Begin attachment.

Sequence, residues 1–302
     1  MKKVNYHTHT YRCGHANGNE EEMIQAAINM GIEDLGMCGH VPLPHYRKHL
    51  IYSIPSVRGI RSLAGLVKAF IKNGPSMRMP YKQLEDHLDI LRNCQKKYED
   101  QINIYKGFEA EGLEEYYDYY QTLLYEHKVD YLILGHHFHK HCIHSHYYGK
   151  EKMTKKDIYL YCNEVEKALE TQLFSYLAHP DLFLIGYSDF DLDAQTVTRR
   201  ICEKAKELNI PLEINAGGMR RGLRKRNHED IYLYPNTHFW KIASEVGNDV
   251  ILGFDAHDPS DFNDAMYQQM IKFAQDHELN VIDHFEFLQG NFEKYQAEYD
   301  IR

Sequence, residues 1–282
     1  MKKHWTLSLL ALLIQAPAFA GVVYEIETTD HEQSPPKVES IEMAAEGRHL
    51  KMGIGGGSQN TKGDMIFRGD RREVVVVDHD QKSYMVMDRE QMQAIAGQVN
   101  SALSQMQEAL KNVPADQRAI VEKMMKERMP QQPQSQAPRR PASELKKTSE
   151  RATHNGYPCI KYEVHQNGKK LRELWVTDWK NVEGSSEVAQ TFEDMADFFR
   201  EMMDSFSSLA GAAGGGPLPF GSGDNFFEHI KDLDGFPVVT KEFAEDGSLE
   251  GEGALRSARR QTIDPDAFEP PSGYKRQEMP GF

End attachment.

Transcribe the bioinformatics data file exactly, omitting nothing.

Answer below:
Sequence, residues 1–302
     1  MKKVNYHTHT YRCGHANGNE EEMIQAAINM GIEDLGMCGH VPLPHYRKHL
    51  IYSIPSVRGI RSLAGLVKAF IKNGPSMRMP YKQLEDHLDI LRNCQKKYED
   101  QINIYKGFEA EGLEEYYDYY QTLLYEHKVD YLILGHHFHK HCIHSHYYGK
   151  EKMTKKDIYL YCNEVEKALE TQLFSYLAHP DLFLIGYSDF DLDAQTVTRR
   201  ICEKAKELNI PLEINAGGMR RGLRKRNHED IYLYPNTHFW KIASEVGNDV
   251  ILGFDAHDPS DFNDAMYQQM IKFAQDHELN VIDHFEFLQG NFEKYQAEYD
   301  IR

Sequence, residues 1–282
     1  MKKHWTLSLL ALLIQAPAFA GVVYEIETTD HEQSPPKVES IEMAAEGRHL
    51  KMGIGGGSQN TKGDMIFRGD RREVVVVDHD QKSYMVMDRE QMQAIAGQVN
   101  SALSQMQEAL KNVPADQRAI VEKMMKERMP QQPQSQAPRR PASELKKTSE
   151  RATHNGYPCI KYEVHQNGKK LRELWVTDWK NVEGSSEVAQ TFEDMADFFR
   201  EMMDSFSSLA GAAGGGPLPF GSGDNFFEHI KDLDGFPVVT KEFAEDGSLE
   251  GEGALRSARR QTIDPDAFEP PSGYKRQEMP GF